Using forward genetics to identify novel Arabidopsis thaliana peroxisomal mutants
Doctor of Philosophy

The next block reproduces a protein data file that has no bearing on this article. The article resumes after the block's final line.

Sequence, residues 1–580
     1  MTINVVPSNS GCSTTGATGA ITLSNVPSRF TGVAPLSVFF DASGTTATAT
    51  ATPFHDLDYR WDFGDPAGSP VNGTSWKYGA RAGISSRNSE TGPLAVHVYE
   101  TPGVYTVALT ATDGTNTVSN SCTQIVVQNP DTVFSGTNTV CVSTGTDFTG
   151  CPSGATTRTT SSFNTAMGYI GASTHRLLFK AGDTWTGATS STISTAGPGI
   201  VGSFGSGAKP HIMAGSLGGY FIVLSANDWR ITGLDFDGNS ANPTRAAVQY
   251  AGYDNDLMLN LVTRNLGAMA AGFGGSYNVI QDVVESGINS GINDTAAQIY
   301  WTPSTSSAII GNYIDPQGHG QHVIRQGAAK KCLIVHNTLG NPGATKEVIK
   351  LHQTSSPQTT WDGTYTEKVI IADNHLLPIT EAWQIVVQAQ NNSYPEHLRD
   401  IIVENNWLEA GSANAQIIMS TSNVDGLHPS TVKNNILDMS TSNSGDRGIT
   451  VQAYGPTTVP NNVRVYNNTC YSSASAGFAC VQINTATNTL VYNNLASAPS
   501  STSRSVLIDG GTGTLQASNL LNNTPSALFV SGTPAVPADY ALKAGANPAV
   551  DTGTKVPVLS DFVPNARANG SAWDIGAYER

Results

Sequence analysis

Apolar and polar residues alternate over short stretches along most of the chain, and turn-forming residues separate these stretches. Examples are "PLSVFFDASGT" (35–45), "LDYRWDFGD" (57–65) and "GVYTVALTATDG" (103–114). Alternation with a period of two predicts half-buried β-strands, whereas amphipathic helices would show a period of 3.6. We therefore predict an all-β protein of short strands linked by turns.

Peroxisomes are single-membrane-bound organelles responsible for key metabolic reactions needed for the development of many eukaryotes. Peroxisomes lack DNA and must import nuclear-encoded proteins from the cytosol. Genetic screens have identified multiple peroxin (PEX) proteins involved in peroxisome biogenesis and import of peroxisomal matrix and membrane-bound proteins. Most proteins are imported into the peroxisome matrix via an incompletely understood process that depends on one of two peroxisome-targeting signals (PTSs), PTS1 and PTS2. In plants and mammals, the N-terminal PTS2 is cleaved after peroxisomal import resulting in a mature form of the protein. In the model plant Arabidopsis thaliana, peroxisomes are the site of β-oxidation of indole-3-butyric acid (IBA) to the active auxin indole-3-acetic acid (IAA). Screens for IBA resistance have confirmed the identity of several PEX proteins in Arabidopsis. Because peroxisomes are also the site of fatty acid β-oxidation in plants, many IBA-resistant pex mutants display sucrose-dependent growth following germination. Here I describe the optimization of genetic screens to isolate, identify, and characterize peroxisomal proteins that allow plants to develop without sucrose supplementation, respond normally to IBA, and efficiently process PTS2 proteins. I describe the characterization of novel mutants of pex6, pex12, pex13, and pex26 isolated from this screening. These mutants help to provide us a better understanding of peroxisome biogenesis and receptor recycling.